The No Surprises Act (the “Act”) continues muddling through its implementation period. We have discussed the Act in prior posts, and most recently on March 8, 2022. The surprises have continued, with new updates coming out almost daily! There has been legal movement as health care providers and facilities (collectively, “Providers”) have brought lawsuits against the Departments of Health and Human Services (“HHS”), Labor, and Treasury, and the Office of Personnel Management (collectively, “Departments”).  In addition, the Centers for Medicare & Medicaid Services (“CMS”) issued answers to new frequently asked questions (“FAQs”).

April 4, 2022 – Continued Litigation Movement

As a reminder, on February 23, 2022, the U.S. District Court for the Eastern District of Texas set aside portions of the October 7, 2021 interim final rule with comment period (the “Interim Rule“) relating to the creation of an Independent Dispute Resolution (IDR) process.

Recently, there has been movement in the U.S. District Court for the District of Columbia case that was brought by the Association of Air Medical Services, the American Hospital Association, and the American Medical Association (collectively, the “Plaintiffs”) against the Departments.  This case also involves challenges to the methodology used by the IDR process in calculating the qualifying payment amount (“QPA”) (the plan’s median contracted rate for a particular service). On April 4, 2022, the Plaintiffs filed a Supplemental Brief asking the court to vacate portions of the Interim Rule that contain a presumption in favor of selecting the offer closest to the QPA.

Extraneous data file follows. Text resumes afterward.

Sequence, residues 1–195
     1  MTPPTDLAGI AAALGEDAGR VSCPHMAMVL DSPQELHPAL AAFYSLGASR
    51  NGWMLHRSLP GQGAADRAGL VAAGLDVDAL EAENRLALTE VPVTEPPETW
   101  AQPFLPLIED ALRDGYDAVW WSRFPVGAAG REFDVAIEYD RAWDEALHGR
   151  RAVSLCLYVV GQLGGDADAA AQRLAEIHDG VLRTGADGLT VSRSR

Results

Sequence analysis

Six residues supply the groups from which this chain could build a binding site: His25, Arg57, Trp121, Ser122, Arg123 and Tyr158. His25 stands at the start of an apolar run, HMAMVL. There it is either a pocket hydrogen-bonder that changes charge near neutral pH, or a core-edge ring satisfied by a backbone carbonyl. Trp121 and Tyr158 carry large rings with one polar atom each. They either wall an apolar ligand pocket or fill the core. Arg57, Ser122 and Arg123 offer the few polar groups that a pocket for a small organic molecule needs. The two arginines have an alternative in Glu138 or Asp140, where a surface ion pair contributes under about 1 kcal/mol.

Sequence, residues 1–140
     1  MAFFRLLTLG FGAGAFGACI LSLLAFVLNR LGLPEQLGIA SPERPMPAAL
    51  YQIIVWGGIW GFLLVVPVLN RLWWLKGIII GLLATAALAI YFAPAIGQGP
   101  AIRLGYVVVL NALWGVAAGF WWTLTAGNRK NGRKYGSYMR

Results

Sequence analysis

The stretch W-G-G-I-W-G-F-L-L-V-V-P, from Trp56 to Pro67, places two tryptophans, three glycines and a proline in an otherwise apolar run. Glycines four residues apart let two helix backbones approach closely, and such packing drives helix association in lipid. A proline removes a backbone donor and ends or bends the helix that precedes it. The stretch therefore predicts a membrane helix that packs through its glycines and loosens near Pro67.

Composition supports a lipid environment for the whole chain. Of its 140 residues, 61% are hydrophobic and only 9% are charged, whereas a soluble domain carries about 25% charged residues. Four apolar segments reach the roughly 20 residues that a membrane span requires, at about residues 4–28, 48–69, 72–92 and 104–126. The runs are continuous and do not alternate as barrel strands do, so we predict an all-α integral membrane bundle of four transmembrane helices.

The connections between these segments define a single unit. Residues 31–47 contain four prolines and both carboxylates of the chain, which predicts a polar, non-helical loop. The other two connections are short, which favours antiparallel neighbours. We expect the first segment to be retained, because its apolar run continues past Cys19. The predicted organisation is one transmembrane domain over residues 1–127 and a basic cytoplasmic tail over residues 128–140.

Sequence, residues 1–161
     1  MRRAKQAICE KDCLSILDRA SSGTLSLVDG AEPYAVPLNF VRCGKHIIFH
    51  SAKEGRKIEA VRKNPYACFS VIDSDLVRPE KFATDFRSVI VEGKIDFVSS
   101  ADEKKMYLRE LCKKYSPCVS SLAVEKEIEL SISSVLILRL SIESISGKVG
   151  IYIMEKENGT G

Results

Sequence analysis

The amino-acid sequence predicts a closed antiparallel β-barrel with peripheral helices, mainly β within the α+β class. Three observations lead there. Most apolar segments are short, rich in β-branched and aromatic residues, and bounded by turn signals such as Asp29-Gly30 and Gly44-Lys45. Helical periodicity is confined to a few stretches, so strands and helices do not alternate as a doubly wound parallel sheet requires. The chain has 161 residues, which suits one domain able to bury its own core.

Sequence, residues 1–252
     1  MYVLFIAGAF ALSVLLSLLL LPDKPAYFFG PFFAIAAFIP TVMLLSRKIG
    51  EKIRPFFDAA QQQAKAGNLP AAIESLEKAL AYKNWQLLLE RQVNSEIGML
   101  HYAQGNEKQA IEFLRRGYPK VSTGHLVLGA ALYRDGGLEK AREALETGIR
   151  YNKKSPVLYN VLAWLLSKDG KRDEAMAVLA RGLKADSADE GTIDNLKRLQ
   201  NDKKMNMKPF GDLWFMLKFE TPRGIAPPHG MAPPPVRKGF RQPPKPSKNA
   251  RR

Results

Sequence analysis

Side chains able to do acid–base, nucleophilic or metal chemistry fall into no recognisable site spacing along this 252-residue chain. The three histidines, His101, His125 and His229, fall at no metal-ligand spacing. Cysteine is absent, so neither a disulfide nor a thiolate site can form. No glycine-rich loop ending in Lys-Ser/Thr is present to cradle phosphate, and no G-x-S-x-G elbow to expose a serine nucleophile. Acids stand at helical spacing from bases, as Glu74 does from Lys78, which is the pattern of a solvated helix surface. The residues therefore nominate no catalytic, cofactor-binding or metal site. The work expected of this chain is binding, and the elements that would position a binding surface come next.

The Plaintiffs further contend HHS has been slow to take any action in response to the Texas decision: “The Departments have neither acquiesced to the decision of the Eastern District of Texas vacating portions of the September Rule, nor suggested any intent to abandon their interpretation of the No Surprises Act in any final rule […].” For this reason, the Plaintiffs argue that the court should act now, and not wait for the Departments to issue a final rule, because the Departments “do not even guarantee a final rule by May.”

The Departments filed their Supplemental Brief on the same day as the Plaintiffs in which they advised that they have begun preparing a final rule that will address those provisions vacated in the Texas decision.  They anticipate issuing the final rule early this summer.

April 5, 2022 – FAQs About Good Faith Estimates (GFE) for Uninsured (or Self-Pay) Individuals – Part 2